Exercise does improve back health.
It may surprise you to learn that exercise is part of almost every treatment plan for lower back pain. Movement is a key component of therapy to long-term relief of back pain. The good news is that there is such a variety of exercise and rehabilitation options that many people are able to find something that is enjoyable and effective. Here is a rundown of how exercise can benefit your back health and reduce pain.
Exercise can help improve your back pain
A natural stimulus for your body’s healing process is active exercise, which should be performed in a controlled, gradual, and progressive manner. This means you need to slowly increase the volume and intensity of your workout regimen over time, building to a routine that is consistent, manageable, but also challenging. This gradual progression is especially important if you are just starting a fitness routine. Movement encourages healing by spurring nutrients and oxygen into the disc spaces and soft tissues in your spine for improved function. But the oppositve is also true—a lack of exercise can increase symptoms of stiffness, weakness, and worsened pain.
Strong core muscles improve your spinal function
Strong core muscles—which include your abdomen, lower back, pelvic, and even hip muscles such as your glutes – stabilize and support your spine. This reduces the pressure on your intervertebral discs, soft tissues, and joints, which in turn may bring relief from your lower back pain. Core strengthening is common rehabilitation given for lower back pain. This can include exercises such as planks and leg lifts, but can be even more effective when done with functional daily movements rather than isolated strengthening alone. For example, engaging your core muscles to stabilize your spine to lift and carry objects, squat, and perform pulling exercises like rowing are great ways to develop core strength.
Stretching helps maintain mobility and better posture
Gentle stretches that target the cervical spine and thoracic spine may help with neck and/or upper back pain, as well as improve range of motion. If you tend to slouch or have hunched shoulders with forward head posture, take breaks from sitting throughout your work day to stand and to mobilize your upper back. One option for this is to place a foam roller horizontally on the upper part of your chair and against your upper back, then extend backward over the foam roller while keeping your abdominals engaged. (You can also perform this exercise with the foam roller on the ground). Some lower back conditions can benefit from daily hamstring stretches, which can also reduce nerve tension and relieve pain.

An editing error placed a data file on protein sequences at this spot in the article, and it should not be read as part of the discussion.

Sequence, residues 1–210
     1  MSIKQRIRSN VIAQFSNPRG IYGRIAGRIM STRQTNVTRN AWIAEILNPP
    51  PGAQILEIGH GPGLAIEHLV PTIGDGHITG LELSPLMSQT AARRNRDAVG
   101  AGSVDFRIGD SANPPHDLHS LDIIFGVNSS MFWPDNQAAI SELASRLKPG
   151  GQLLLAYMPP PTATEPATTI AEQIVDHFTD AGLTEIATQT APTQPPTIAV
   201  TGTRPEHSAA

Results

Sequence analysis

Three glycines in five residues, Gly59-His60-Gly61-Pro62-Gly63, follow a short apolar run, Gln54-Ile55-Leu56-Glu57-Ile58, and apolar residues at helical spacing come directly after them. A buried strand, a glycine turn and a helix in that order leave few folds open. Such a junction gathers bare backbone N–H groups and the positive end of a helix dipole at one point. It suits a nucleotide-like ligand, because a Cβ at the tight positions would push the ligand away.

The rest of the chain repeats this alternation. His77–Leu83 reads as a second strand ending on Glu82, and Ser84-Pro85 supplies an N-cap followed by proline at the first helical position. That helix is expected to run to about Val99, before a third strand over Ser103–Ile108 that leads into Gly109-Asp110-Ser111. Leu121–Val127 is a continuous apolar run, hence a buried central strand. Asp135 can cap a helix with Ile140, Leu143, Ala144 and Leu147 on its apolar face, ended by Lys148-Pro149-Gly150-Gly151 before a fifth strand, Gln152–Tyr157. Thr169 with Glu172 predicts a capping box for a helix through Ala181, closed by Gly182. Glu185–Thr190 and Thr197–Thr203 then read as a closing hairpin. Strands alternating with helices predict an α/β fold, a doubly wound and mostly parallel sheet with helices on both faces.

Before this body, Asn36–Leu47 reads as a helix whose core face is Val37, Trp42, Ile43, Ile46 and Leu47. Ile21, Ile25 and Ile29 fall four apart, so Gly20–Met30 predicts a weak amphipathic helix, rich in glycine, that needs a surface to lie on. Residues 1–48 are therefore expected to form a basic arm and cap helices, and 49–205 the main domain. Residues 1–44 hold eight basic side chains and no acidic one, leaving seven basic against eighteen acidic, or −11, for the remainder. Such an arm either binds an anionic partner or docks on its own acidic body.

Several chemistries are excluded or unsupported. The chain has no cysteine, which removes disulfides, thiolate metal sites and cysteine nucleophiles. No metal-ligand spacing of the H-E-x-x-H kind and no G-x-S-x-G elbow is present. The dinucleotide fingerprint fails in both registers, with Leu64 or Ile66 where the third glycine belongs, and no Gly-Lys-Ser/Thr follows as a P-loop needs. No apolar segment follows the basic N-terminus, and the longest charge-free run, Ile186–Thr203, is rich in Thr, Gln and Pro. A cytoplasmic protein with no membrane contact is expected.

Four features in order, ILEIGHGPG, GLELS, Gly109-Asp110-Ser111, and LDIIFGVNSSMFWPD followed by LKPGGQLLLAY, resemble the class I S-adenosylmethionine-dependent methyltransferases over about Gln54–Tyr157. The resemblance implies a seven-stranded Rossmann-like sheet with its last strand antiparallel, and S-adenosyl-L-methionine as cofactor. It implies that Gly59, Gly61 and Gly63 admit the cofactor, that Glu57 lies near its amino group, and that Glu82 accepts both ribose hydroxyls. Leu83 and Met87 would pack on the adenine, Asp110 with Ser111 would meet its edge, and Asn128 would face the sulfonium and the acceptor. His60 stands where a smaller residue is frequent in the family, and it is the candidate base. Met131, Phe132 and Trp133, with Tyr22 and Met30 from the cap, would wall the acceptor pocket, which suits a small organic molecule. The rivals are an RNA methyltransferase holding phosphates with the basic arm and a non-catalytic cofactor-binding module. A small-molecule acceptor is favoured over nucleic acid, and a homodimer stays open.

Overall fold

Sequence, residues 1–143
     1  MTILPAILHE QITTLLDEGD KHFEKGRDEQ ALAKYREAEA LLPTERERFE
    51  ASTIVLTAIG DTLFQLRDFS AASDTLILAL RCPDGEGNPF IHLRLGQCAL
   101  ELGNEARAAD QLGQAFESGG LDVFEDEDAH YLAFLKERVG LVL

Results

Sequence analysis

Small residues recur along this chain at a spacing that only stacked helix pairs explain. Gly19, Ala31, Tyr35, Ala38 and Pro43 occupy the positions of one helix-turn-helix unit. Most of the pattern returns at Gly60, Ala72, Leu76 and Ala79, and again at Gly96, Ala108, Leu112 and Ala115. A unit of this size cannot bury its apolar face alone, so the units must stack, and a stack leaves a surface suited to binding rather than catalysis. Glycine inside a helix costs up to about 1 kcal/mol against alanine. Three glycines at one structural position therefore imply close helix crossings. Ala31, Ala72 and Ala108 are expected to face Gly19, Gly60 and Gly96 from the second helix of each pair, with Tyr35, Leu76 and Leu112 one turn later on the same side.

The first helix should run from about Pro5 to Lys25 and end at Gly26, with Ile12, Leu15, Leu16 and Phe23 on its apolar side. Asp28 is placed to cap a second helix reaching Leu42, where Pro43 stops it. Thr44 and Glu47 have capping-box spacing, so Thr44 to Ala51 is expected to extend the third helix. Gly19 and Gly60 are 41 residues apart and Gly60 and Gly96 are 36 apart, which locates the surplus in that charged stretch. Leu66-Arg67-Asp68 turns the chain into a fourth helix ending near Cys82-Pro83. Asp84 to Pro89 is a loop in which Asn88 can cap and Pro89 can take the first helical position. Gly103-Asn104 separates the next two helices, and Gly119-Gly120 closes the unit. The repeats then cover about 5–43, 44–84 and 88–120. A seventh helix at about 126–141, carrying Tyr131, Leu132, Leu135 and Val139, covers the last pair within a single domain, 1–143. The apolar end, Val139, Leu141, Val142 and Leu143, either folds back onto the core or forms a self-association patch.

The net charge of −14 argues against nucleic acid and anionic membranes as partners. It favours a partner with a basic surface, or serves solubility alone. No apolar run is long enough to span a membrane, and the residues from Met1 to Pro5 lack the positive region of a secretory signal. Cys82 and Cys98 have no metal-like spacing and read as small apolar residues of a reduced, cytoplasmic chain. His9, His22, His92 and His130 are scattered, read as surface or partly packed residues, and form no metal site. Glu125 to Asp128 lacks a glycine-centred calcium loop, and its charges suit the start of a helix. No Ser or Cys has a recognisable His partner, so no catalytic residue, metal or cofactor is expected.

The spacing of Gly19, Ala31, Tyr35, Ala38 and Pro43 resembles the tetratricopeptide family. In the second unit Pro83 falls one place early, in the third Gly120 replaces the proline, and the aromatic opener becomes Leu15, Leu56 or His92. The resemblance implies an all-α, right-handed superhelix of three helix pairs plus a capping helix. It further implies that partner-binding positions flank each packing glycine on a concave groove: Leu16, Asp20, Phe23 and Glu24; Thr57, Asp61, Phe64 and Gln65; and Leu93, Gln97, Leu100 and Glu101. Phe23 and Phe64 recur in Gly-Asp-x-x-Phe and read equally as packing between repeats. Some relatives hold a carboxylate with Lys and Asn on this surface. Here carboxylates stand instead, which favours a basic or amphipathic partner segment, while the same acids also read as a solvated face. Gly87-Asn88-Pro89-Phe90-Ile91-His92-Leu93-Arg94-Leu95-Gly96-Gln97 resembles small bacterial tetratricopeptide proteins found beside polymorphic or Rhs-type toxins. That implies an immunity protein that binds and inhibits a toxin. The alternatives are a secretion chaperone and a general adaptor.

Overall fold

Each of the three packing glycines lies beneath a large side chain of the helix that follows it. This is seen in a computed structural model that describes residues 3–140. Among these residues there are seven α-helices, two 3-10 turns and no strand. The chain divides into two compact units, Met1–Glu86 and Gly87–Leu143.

Walking is beneficial for your lower back.
Exercise walking has many benefits for your health and some of these include:
- Improves muscles that keep you upright against gravity.
- Improves blood flow to your spinal structures
- Improves flexibility and mobility
- Has an analgesic effect (pain relief)
When walking for exercise, try to keep a brisk pace with an upright, natural posture. Aim for a minimum of 30 minutes 3 or 4 times a week if you are currently active. If you’re new to exercise, try starting with 2 or 3 short walks (5- minutes) each day, and over time this will build to a 30 min bout quite quickly. Other low-impact aerobic exercise options to consider include spin bike, elliptical machine, or swimming. Its always good to have a friend to workout with so find a friend and keep both of your back healthy!
Strength training develops a robust low back
Strength training is one of the most important ways to develop a resilient lower back and minimise low back pain from returning. When done safely, with gradual progression and proper form, lifting weights and adding resistance to full-body movements such as squatting and deadlifting, and carrying can help prepare your body for the demands of day-to-day life and prevent low back injuries from recurring.
Speak with your health professional before starting an exercise program
While exercise is part of nearly every treatment plan for lower back pain, make sure that your exercise program is appropriate for your specific type of back pain. For instance, exercises appropriate for someone with lumbar disc pain will be different to those for a person with spondylolisthesis or sciatica. Make sure you consult with your allied health professional before starting any exercise routine to make sure it improves your health and wellbeing.
You can read more about back injuries here or book in if you need a consultation.